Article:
KTN has teams working in Health, AI and Digital and all have witnessed a change in behaviour enforced by the social distancing rules. People and institutions have been quick to adopt new techniques and associated protocols. At the time of writing the new Covid-19 contract tracing app has been introduced in the Isle of Wight but has yet to be tested in the wider UK. In the US the SmartDome is being deployed by essential retailers; similar to a security camera, it watches customers and sends out messages if they are disobeying the rules of social distancing, such as ‘for your safety, please maintain at least six feet of social distance’. And we’re all using more familiar digital tools like contactless payment with renewed enthusiasm.
AI and Robotics
According to Dr. Caroline Chibelushi, KTN’s Knowledge Transfer Manager for AI: “Embedded systems such as AI-driven robots have a big role to play in outbreaks such as Covid-19. Chinese state media has reported that drones and robots are being used by the government to cut the risk of person-to-person transmission of the disease. These drones and robots remotely disinfected hospitals, delivered food and enforced quarantine restrictions as part of the effort to fight Covid-19. A company from Denmark is also selling a robot that can disinfect indoor spaces.”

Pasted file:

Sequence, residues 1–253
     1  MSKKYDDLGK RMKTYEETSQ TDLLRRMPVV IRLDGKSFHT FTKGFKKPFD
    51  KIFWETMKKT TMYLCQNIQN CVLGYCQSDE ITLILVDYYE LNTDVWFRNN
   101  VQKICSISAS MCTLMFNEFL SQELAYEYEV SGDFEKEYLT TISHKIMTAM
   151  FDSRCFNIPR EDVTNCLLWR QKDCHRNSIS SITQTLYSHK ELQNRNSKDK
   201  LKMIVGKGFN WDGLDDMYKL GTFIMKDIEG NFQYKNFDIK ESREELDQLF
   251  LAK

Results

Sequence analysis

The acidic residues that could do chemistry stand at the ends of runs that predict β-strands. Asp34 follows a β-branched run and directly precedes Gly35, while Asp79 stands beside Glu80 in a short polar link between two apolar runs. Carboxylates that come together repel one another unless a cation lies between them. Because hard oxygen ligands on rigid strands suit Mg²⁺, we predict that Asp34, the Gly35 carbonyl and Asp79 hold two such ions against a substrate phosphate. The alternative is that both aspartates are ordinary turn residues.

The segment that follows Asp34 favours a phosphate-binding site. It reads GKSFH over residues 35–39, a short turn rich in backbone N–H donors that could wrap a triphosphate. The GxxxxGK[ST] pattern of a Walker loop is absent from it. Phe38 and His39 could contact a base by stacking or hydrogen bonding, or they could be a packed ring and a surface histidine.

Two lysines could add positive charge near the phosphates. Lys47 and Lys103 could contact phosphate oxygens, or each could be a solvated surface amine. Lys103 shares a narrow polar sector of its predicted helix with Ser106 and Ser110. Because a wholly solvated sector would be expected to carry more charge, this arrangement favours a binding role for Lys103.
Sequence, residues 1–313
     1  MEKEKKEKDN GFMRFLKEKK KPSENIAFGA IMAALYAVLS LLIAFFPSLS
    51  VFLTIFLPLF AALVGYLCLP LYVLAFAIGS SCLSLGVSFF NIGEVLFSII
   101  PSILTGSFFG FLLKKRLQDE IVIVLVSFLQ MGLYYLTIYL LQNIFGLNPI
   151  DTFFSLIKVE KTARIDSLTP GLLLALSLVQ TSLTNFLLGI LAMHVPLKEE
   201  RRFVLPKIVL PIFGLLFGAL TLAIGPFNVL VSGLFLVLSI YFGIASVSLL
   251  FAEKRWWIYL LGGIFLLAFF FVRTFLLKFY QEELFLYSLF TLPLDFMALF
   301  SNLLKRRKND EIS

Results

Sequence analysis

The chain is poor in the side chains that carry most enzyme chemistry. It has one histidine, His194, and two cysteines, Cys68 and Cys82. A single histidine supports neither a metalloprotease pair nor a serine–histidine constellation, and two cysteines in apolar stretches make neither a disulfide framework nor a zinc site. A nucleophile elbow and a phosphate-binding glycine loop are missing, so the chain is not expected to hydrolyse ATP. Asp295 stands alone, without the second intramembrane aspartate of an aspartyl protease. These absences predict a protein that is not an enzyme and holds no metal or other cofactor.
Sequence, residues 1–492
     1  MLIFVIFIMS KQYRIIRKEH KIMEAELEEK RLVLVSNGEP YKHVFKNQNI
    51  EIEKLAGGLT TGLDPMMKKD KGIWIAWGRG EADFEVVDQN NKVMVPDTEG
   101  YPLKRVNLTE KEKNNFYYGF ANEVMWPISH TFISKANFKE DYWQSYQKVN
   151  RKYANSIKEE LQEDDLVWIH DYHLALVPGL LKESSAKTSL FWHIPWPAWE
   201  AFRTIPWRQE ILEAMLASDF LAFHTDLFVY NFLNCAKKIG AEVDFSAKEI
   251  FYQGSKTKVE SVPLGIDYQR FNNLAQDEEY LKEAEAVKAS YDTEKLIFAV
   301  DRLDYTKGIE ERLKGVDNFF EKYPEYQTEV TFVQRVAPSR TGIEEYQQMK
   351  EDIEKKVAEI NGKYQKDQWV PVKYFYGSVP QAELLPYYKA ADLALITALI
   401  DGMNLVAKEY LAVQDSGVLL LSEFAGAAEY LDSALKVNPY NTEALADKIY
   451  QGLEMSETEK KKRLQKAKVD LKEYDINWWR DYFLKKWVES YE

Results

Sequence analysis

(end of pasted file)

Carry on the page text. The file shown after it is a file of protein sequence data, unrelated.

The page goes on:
Read the full article here.
The role of technology to supplement or even replace human activity has been crucial in this pandemic – if AI and Robotics can be used to undertake a task that would currently prove dangerous to a human being, if these technologies can enforce or enable social distancing, it is surely a positive thing.
Social distancing practicalities and implications are impacting many other sectors our teams work in. What is the optimum material for a face covering? Can you maximise robotics in manufacturing to allow workers more space or in agriculture to maintain the safety of farm workers? Can urban planners factor in social distancing to new city designs? Can designers build it into construction plans?
Social distancing looks set to be part of not just our vocabulary, but our everyday way of life, for some time yet. Innovation is playing its part in enabling every sector to make increasing sophisticated interventions. But the importance of a joined-up approach is clear: the most sophisticated mathematical modelling applied to a workplace will be useless if the public transport people use to get to work isn’t operating any social distancing.
Get in touch with KTN
If you think you have solutions, resources or other ideas which can help tackle some of the effects of Covid-19, or need connecting with a specific sector, please get in touch with KTN and we will direct you to the teams working on solving some of these challenges. Email Covidfirstname.lastname@example.org